November 7


Difference between Baking Soda and Baking Powder

By Sonia Gupta

November 7, 2017

Baking Basics, Baking Guide, Tips and Tricks

Baking soda and baking powder are commonly used leavening agents used in baking. But, these two ingredients have confused almost everyone in the baking world. What is the difference between baking soda and baking powder? What purpose do they solve in baking? And if these two ingredients are interchangeable?

Baking Soda and Baking Powder

First thing first, remember, they are not interchangeable. They both are leavening agent and the basic purpose of a leavening agent is to make your baked item rise. Hence, they are also termed as rising agents. But, they are chemically different from each other.

What is Baking Powder and its purpose in baking?

Baking powder has three ingredients in it. Baking soda, cream of tartar and cornflour/riceflour that absorbs moisture.  You will find three types of baking powder in the market. Fast acting, double acting or slow acting. The difference between them is in the amount of acidic agent present in them.

Baking powder activates when it combines with a liquid ingredient. And hence you should bake the cake or bread immediately after you mix wet and dry ingredients. When baking powder comes in contact of a liquid ingredient, it produces carbon dioxide. This helps the mixture to expand and rise. Follow the recipe and use the recommended measurements of baking powder. Excess of baking powder can make your cake bitter. Use less than recommended and that will result in a dense cake.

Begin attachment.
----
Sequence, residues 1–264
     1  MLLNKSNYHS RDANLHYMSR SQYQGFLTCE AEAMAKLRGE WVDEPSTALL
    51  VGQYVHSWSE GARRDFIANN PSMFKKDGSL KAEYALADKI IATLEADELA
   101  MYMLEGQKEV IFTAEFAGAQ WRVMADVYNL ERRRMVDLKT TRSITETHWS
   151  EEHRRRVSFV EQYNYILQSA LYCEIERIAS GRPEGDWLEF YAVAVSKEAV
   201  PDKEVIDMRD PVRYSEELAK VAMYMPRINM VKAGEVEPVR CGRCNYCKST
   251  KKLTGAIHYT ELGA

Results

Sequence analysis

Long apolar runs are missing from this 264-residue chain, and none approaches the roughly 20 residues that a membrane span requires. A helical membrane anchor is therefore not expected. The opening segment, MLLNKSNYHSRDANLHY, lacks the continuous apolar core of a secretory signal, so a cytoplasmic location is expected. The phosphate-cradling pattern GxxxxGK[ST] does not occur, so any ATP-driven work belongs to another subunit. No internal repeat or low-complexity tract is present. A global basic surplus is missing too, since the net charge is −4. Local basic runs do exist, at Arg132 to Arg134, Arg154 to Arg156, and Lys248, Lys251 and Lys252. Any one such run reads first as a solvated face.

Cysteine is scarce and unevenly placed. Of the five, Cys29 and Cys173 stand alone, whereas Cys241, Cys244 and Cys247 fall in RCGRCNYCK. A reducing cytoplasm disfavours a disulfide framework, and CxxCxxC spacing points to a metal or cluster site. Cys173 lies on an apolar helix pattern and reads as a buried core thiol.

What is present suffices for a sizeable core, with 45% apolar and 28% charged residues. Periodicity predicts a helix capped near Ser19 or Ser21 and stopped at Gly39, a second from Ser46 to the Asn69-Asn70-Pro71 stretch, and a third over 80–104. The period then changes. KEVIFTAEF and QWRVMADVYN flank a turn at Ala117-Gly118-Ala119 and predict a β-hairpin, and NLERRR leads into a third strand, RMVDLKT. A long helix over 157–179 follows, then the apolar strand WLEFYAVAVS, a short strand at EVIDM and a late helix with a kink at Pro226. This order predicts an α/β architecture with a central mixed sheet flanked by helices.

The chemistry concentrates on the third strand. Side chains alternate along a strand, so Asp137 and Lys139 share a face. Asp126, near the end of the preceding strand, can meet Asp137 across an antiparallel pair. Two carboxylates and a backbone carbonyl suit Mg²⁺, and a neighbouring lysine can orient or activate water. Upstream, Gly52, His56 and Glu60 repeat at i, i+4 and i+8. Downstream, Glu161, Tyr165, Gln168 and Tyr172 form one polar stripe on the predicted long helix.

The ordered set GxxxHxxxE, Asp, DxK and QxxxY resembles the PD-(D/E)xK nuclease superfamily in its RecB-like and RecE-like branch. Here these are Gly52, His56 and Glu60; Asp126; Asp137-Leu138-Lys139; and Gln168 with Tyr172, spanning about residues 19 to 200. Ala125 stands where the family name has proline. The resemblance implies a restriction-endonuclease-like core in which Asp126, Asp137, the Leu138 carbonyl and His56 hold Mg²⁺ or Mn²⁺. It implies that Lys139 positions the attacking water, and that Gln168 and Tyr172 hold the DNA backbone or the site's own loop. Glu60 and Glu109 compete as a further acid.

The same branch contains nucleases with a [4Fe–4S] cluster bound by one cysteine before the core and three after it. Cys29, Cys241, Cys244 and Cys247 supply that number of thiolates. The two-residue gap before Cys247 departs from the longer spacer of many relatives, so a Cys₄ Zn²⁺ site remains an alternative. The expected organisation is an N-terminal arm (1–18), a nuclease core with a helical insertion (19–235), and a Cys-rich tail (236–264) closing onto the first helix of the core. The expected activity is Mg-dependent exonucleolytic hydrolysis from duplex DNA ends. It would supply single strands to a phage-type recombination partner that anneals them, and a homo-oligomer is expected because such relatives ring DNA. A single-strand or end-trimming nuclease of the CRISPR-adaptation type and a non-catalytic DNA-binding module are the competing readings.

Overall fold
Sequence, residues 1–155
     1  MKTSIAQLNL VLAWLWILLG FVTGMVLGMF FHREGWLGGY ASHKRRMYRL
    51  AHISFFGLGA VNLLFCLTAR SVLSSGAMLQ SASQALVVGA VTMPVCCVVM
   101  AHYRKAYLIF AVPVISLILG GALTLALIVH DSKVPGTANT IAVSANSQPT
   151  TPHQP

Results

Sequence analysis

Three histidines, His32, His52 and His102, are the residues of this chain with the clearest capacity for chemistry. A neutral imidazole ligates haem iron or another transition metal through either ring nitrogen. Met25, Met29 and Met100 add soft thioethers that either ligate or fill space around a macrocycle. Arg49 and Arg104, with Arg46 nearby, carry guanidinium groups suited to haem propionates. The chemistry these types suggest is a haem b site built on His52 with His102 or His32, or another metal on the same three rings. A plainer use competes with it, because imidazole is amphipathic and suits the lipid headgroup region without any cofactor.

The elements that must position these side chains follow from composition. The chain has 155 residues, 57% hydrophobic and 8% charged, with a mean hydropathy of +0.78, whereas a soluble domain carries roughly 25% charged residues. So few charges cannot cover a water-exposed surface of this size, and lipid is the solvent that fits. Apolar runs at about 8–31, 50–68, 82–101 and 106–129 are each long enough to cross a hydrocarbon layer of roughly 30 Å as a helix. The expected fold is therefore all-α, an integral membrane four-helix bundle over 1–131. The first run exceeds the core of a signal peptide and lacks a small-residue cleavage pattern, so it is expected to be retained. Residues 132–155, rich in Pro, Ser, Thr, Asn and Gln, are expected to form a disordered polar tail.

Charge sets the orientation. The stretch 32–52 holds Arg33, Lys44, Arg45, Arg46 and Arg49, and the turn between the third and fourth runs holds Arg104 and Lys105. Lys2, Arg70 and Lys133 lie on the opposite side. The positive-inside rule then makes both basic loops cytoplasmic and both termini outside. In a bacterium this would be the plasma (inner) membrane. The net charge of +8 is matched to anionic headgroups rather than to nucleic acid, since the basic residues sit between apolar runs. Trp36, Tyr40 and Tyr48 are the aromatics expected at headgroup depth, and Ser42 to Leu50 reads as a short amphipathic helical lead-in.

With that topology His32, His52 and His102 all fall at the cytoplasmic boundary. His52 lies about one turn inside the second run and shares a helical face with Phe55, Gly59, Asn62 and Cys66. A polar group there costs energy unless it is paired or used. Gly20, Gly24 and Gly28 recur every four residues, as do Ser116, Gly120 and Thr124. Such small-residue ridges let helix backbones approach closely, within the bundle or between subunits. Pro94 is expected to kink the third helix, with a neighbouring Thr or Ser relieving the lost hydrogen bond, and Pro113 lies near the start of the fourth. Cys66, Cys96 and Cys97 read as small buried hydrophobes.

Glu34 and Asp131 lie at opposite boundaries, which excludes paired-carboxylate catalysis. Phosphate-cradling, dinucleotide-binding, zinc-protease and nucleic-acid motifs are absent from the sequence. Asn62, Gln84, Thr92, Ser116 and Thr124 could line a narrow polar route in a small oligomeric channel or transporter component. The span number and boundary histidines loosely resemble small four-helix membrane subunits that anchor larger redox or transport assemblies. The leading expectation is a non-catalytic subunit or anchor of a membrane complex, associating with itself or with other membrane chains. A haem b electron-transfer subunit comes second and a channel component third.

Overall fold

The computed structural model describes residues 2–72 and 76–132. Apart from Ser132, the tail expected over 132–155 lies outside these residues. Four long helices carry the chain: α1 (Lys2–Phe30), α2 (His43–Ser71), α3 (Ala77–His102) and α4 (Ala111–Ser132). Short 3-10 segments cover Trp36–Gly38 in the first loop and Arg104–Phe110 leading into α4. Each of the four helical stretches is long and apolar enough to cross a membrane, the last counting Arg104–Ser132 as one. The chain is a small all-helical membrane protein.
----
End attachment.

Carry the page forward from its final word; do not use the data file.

As a rule, a recipe with 1 cup of flour calls for 1 tsp of baking powder.

What is Baking Soda and its purpose in baking?

Baking Soda is a salt composed of sodium and bicarbonate ions. It is little salty in taste. You need an acidic medium like yogurt, vinegar, buttermilk to activate baking soda. A very common ingredient in baking cake, it works as a leavening agent.

Baking soda plays an important role in eggless baking. When mixed with other ingredients it releases carbon dioxide which expands the mixture. As a result you get light and fluffy cake/bread. It has strong flavor so one should be careful while using it. Excess of it can result in a soapy cake. Baking soda causes reddening of cocoa powder when baked, hence the name Devil’s Food Cake.

Typically, in a recipe 1 cup of flour calls for ¼ tsp of baking soda.

Difference between baking powder and baking soda

Baking soda and baking powder, both are white, odorless and nearly indistinguishable powers. Both help your baked goods to rise and expand. Without them all your breads/cakes would be very flat and dense. But, baking soda is 4 times more powerful than Baking powder. One teaspoon of baking powder contains ¼ teaspoon of baking soda. Baking soda works when combined with acidic food.

The purpose behind baking powder and baking soda is to react with the ingredients and release carbon dioxide gas. The gas adds up to the bubbles formed while whisking the ingredients, make them large and lift your bakes.

Deciding between baking powder and baking soda?